The resistance of the HM contact \(R_\mathrm {HM}(t)\) can be obtained from the resistivity \(\rho _\mathrm {HM}\) of the HM as \(R_\mathrm {HM} = \rho _\mathrm {HM} L_y / (L_x L_z)\), where \(L_y\) is the length of the contact for \(j_e^{\mathrm {SOT}}\) injected along y and \(L_x L_z\) is the crosssectional surface crossed by the electrons^{35}. For Ta if we assume \(\rho _\mathrm {HM} \sim {200} \; \upmu \Omega \text {cm}\)^{62} and take a HM contact of dimensions \({50\times 50\times 4} \; \text { nm}\), we obtain \(R_\mathrm {HM} \sim {500} \; {\Omega }\). In Fig. 4b we present the write energy for a 20 nm MTJ with \(A_{\mathrm {F}} =A_{\mathrm {D}}\), corresponding to the dynamics shown in Fig. 4a. With the assistance of the SOT generated by the inplane current \(j_e^{\mathrm {SOT}}\), the magnetisation of the free layer can be reversed faster, but the average power dissipation of MTJ is greatly increased. However, when we consider the energy consumption of the MTJ related to the magnetisation reversal, i.e. neglecting other effects such as Joule heating, it can be clearly seen that low write energy can be achieved by optimising \(j_e^{\mathrm {STT}}\) and \(j_e^{\mathrm {SOT}}\). The obtained write energy is of the order of hundreds of fJ, in agreement with the results reported in literature for this kind of devices and also with technological requirements^{9,10,34,35,42,45,46,63,64}. Increasing \(j_e^{\mathrm {SOT}}\) results in high energy consumption, whereas the combination of SOT and STT currents assists in the reduction of write energy. Interestingly, for magnetisation switching solely driven by STT current, low energy consumption can be observed at high current density. This can be explained by considering that high current density significantly reduces the switching time yielding low writing energy. However, in practice it is difficult to generate high current density in a dot of few nanometre diameter without causing large Joule heating. The results suggest that the combination of low current density of SOT and STT can be used for a subnanosecond switching with low writing energy. This can be seen in panel c) of Fig. 4, where the product of write energy with switching time is plotted versus \(j_e^{\mathrm {STT}}\) and \(j_e^{\mathrm {SOT}}\). The diagram clearly shows how \(j_e^{\mathrm {STT}} \sim {\sim 1.2\times 10^{12} \; \text {Am}^{2}}\) and \(j_e^{\mathrm {SOT}} \lesssim {1\times 10^{12}} \; \text {Am}^{2}\) yield a switching that consumes 100fJ or less and it occurs in less than a nanosecond. More generally, such a diagram can prove useful to choose the most suitable switching schemes. Further, we consider the effect of different strengths of \(A_{\mathrm {F}}\). To analyse this, we consider \(j_e^{\mathrm {SOT}} =j_e^{\mathrm {STT}} ={1\times 10^{12}} \; \text {Am}^{2}\), presented in Fig. 5a. As discussed for the case of pure SOT and taking into consideration Eq. (11), \(A_{\mathrm {F}}\) acts on both precession and relaxation. Accordingly, we see a reduction in the switching time for weaker contributions of \(A_{\mathrm {F}}\), with the fastest dynamics occurring for zero \(A_{\mathrm {F}}\). The amplitude of the inplane components of the magnetisation decreases as \(A_{\mathrm {F}}\) increases and when SOT is turned off the reversal is delayed. Thus, weak SOT contribution to the precessional motion can yield better performance, with the limit case of zero \(A_{\mathrm {F}}\). However, this condition does not represent the most physical case for a structure such as the MTJ investigated here, where interfaces are not equivalent and the stack is not symmetric. Instead, it is reasonable to expect a nonzero fieldlike contribution. In Fig. 5b–e we present the total switching time as a function of both \(j_e^{\mathrm {STT}}\) and \(j_e^{\mathrm {SOT}}\) for different \(A_{\mathrm {F}}\) strength. From the phase plot we can see a large spectrum of combination of \(j_e^{\mathrm {STT}}\) and \(j_e^{\mathrm {SOT}}\) to yield the desired switching time. By comparing the contour plots for different \(A_{\mathrm {F}}\) we can see how, as \(A_{\mathrm {F}}\) increases, faster switching is achieved in the region 2 to \({4\times 10^{12}} \; \text {Am}^{2}\). In particular we see that the fastest switching time achievable by applying both \(j_e^{\mathrm {SOT}}\) and \(j_e^{\mathrm {STT}}\) below \({1\times 10^{12}} \; \text {Am}^{2}\) is 1 ns, independently of \(A_{\mathrm {F}}\).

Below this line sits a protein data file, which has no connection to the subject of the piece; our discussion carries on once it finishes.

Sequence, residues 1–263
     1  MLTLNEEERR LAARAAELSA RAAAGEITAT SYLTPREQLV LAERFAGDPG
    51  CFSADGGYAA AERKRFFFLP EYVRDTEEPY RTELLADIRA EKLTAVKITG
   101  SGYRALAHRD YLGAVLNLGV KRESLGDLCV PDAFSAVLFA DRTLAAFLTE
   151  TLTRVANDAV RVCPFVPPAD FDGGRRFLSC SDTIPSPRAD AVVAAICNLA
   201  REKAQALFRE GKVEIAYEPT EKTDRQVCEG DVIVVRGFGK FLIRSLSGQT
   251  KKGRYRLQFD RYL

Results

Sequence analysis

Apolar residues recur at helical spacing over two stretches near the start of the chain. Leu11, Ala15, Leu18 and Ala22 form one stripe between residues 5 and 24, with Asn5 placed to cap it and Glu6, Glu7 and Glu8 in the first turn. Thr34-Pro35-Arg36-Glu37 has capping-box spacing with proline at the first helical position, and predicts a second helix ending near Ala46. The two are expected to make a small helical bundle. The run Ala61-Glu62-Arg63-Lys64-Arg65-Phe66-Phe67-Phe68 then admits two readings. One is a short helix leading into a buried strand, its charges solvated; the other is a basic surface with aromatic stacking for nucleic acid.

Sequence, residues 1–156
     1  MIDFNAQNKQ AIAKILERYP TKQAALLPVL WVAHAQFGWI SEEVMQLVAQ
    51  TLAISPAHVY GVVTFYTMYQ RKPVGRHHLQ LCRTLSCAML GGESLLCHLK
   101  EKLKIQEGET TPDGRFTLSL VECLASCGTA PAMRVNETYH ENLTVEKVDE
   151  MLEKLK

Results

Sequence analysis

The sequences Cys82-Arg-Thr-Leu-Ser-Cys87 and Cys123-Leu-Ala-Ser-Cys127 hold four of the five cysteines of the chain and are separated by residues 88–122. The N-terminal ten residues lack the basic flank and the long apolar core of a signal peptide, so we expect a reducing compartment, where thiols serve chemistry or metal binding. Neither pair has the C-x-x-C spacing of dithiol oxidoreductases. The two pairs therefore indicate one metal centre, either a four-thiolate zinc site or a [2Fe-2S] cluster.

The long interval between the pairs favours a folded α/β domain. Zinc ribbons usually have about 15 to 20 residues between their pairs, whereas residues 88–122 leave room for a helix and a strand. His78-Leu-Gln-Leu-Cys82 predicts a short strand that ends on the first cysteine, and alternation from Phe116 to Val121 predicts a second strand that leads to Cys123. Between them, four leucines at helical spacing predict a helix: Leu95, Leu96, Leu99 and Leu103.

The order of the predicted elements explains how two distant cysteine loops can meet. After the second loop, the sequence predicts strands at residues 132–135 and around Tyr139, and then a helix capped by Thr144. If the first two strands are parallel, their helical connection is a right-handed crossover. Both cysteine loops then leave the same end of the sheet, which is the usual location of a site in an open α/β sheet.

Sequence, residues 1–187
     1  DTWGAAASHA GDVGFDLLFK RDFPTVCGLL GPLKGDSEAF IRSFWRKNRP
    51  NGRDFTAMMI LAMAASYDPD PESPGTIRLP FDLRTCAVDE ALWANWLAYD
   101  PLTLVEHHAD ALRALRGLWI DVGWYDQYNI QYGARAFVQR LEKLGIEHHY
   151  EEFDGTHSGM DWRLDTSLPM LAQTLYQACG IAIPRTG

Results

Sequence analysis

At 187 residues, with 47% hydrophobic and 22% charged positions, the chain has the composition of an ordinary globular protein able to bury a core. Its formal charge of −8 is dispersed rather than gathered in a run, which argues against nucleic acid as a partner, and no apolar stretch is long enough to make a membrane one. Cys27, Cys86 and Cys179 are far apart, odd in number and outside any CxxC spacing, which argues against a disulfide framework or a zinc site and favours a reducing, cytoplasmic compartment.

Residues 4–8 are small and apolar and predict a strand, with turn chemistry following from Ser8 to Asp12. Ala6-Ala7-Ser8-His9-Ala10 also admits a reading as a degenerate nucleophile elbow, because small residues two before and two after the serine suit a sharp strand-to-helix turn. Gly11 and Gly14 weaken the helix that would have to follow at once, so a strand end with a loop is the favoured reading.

Finally we investigate the reversal mechanism resulting from the combined application of STT and SOT to the system to evaluate the differences from the individual cases. The analysis involves calculation of the lowestfrequency modes (\(w=0,1,1\)) defined in Eq. (12). When we combine the two effects, we observe different dynamics depending on the relative strengths of \(j_e^{\mathrm {STT}}\) and \(j_e^{\mathrm {SOT}}\). As expected, for diameters up to 20 nm the reversal is coherent with rotation of the inplane components of the FL magnetisation. This is confirmed by the coherent mode \(m_0\) being the only nonzero excitation mode. This is shown in Fig. 6a where the time evolution of the \(m_0\) amplitude is plotted for \(A_{\mathrm {F}} =0.5 A_{\mathrm {D}}\) as a function of different \(j_e^{\mathrm {STT}}\) and \(j_e^{\mathrm {SOT}}\). For large \(j_e^{\mathrm {SOT}}\) \(m_0^2\) reaches the maximum in about 100ps, subsequently it retains a finite value. The height of these plateaus increases with \(j_e^{\mathrm {SOT}}\) followed by a decrease to zero after 0.5 ns, when \(j_e^{\mathrm {SOT}}\) is turned off. The excitation modes we consider are deviations from the uniform state, i.e. magnetisation aligned along the easy axis (\(\hat{z}\)). Thus, a finite value is indicative of the incomplete switching, with the magnetisation uniformly aligned in a direction with an angle from the zaxis. Conversely, increasing the magnitude of \(j_e^{\mathrm {STT}}\) for a fixed \(j_e^{\mathrm {SOT}}\) corresponds to a decrease in the height of these constant regions. Thus, a stronger \(j_e^{\mathrm {STT}}\) aids the reversal of the magnetisation, as also visible from Fig. 4a. The persistence of \(m_0\) during the whole STT + SOT pulse shows how SOT is able to keep the system in an outofequilibrium excited state when \(j_e^{\mathrm {SOT}}\) is large. Hence, to increase the energy efficiency, the pulse should be kept as short as possible for large \(j_e^{\mathrm {SOT}}\). For a diameter of 30 nm, in the absence of \(j_e^{\mathrm {SOT}}\) the reversal becomes noncollinear. However, the curves in Fig. 6a remain substantially unchanged for a diameter of 30 nm and hence this is not shown. Interestingly \(j_e^{\mathrm {SOT}}\) tends to counteract the formation of noncollinear configurations. This effect is proportional to the magnitude of \(j_e^{\mathrm {SOT}}\) and can be understood considering that SOT tends to favour inplane magnetic configurations. Let us consider \(j_e^{\mathrm {STT}} ={5\times 10^{12}} \; \text {Am}^{2}\). For \(j_e^{\mathrm {SOT}} ={0} \; \text {Am}^{2}\) the reversal is noncollinear despite \(m_0\) being the largest excited mode, as can be seen in Fig. 6b. As \(j_e^{\mathrm {SOT}}\) increases \(m_{1,1}\) modes are suppressed and the reversal becomes more coherent. For \(j_e^{\mathrm {SOT}} \ge {1\times 10^{12}} \; \text {Am}^{2}\) \(m_0\) is the only mode with nonzero amplitude, as shown in Fig. 6c. The change in reversal mechanism is also observed in the snapshots of the zcomponent of the FL magnetisation in these same figures. While for pure STT we can clearly observe the formation of a domain at the edge of the disk that propagates through the system accompanied by rotation around the zaxis, the magnetic texture becomes uniform for \(j_e^{\mathrm {SOT}} ={1\times 10^{12}} \; \text {Am}^{2}\). Similarly to what was already observed for the 20 nm diameter, further increase in \(j_e^{\mathrm {SOT}}\) results in \(m_0\) remaining excited until \(j_e^{\mathrm {SOT}}\) is turned off. Different \(A_{\mathrm {F}}\) strengths do not affect the reversal mechanism significantly and this is true for all diameters investigated. The main effect is the overdamped dynamics that quenches the precession of the inplane components and causes a different switching time, as already observed above. Our results suggest that for small MTJ diameters even a weak \(j_e^{\mathrm {SOT}}\) is able to make the reversal coherent. To induce nonuniformities such as nucleation processes in this combined STTSOT system larger diameters^{39,45,46} and/or strong current densities would be required. As such, our assumption of spatially uniform current densities should not impact the results presented here.